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Is Belarus Moving Away From Russia?

Is Belarus Moving Away From Russia?
Moscow to Minsk (night train)
Image by vladimir.guryanov

The coronavirus crises has pushed Minsk away from Moscow. Russia closed its borders with Belarus and banned Belarusians from entering its territory from March 18 to May 1. The Kremlin-friendly media are constantly ridiculing President Alexander Lukashenko after he refused to implement draconian measures and shut down Belarusian economy. Unlike him, Russian leaders have introduced some very restrictive measures, as well as a China-style digital tracking system to enforce a coronavirus lockdown. 

According to Russian officials, such measures are paying off as two million people have been tested and the death rate is low. However, the lockdown in Russia, as in many other countries, has caused much suffering and already has severe consequences on economy. Recently, hundreds of people protested against regional authorities in southern Russia over what they said were restrictive and unnecessary coronavirus measures.

Belarus, on the other hand, is the only country in Europe, besides Sweden, that did not limit its economic activities. President Lukashenko openly called the coronavirus pandemic a psychosis and refused to put life in Belarus on hold until there’s a vaccine. Unlike Russia, which has canceled the Victory Day Parade, Belarusian Defense Ministry has confirmed that the military parade scheduled for May 9 will take place despite the spread of the COVID-19 disease.

“The current epidemiological situation in the Republic of Belarus allows the Armed Forces to carry out planned combat training activities. Preparations for the parade and the event itself is an integral part of the combat training of the troops,” the ministry explained.

It is also worth noting that hundreds of thousands of Orthodox Christian believers flocked to churches in Belarus on Sunday to celebrate Easter, a sharp contrast with reserved Orthodox Easter observances in Russia and other countries that banned public services. Lukashenko himself attended the services, accompanied by his 15-year-old son.

According to Lukashenko, Belarus has turned out to be better prepared to combat coronavirus thanks to preserving the necessary capacities in the healthcare system. In other words, unlike many other former socialist countries, Belarus did not devastate its healthcare system. It refused to implement the West-backed privatization plans which would result in destruction of Belarusian Soviet-style economy and would also have severe impact on its healthcare delivery capability. Over the years, Minsk has also managed to preserve its economy from Russian oligarchs, even though Lukashenko had to make some painful compromises to Russia. 

After the coronavirus global crisis hit Belarus, Minsk was expected to ask Moscow for loans, as it did many times in the past twenty years. However, this time Belarus apparently made a political maneuver. Instead of endless negotiations with Russian President Vladimir Putin, Lukashenko turned westward, at least when it comes to loans. According to reports, Belarus is due to receive emergency funding of $500-900 million from the International Monetary Fund this year due to the coronavirus crisis. In addition to that, the United States has recently named its first ambassador to Belarus in more than a decade. In 2006 Washington imposed sanctions on Minsk in response to alleged human rights abuses and a political crackdown around the 2006 Belarusian presidential election. The appointment of a new envoy can be interpreted as a sign of warming relations between the two countries. On the other hand, relations between Belarus and Russia seem to get worse.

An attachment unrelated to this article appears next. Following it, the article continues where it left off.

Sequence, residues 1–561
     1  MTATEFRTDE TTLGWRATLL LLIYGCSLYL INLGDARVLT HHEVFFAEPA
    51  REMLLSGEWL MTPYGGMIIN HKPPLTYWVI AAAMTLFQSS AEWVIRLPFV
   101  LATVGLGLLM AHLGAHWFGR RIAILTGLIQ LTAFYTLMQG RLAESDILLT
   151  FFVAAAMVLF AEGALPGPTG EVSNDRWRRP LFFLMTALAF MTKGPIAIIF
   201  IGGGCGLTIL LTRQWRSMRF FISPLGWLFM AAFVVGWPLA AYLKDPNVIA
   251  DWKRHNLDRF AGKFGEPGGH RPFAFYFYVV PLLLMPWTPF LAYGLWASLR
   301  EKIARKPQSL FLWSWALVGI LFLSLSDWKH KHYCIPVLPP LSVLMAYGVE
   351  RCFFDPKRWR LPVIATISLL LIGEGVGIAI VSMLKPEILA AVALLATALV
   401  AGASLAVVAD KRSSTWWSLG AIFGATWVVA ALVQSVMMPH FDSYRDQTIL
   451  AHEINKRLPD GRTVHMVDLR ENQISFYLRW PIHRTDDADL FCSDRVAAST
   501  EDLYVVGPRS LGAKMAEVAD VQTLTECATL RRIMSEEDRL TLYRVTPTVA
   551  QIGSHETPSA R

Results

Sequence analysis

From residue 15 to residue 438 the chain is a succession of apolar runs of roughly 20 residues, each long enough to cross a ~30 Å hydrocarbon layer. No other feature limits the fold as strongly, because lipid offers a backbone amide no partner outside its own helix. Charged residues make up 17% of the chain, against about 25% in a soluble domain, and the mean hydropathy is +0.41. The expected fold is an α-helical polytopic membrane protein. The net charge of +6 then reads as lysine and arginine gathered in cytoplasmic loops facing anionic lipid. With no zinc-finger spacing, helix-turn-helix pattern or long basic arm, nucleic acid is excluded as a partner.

“People around the world are poking fun at me, in particular in Russia, as if they had nothing else to discuss”, said Lukashenko explaining his controversial attitude on the COVID-19 pandemic. 

Once the Russian economy is re-opened, the two countries will likely have to redefine their relations.

According to official information, in June 2019 Belarus owed Russia $7.55 billion. Since the oil crisis has a major impact on Russian economy, it is very questionable if Moscow will keep subsidizing Minsk, as it has been doing since 1999 when the Russia – Belarus Union State was created.  Pundits all over the globe are sure that the world will not be the same after the coronavirus crisis, which means that relations between Russia and Belarus will not be the same either. That means that Russia could lose its interests in buying Lukashenko’s loyalty, and he could decide not to continue hosting two Russian military bases in Belarus after 2021. 

If that happens, the very existence of the Russia – Belarus Union state will also be quite debatable. That, however, does not mean the two countries will completely break ties. As long as Lukashenko is in power, he will keep balancing between Russia and the West. He will also occasionally flirt with China, or some other global or regional powers. However, most of all he will try to preserve Belarusian sovereignty. In other words, Lukashenko will try to fortify the non-aligned foreign policy that was originally implemented by the late Yugoslavian dictator Josip Broz Tito. It remains to be seen if major global actors will allow Lukashenko’s Belarus to remain sovereign and relatively independent, or if someone will eventually decide to force a regime change in Minsk.

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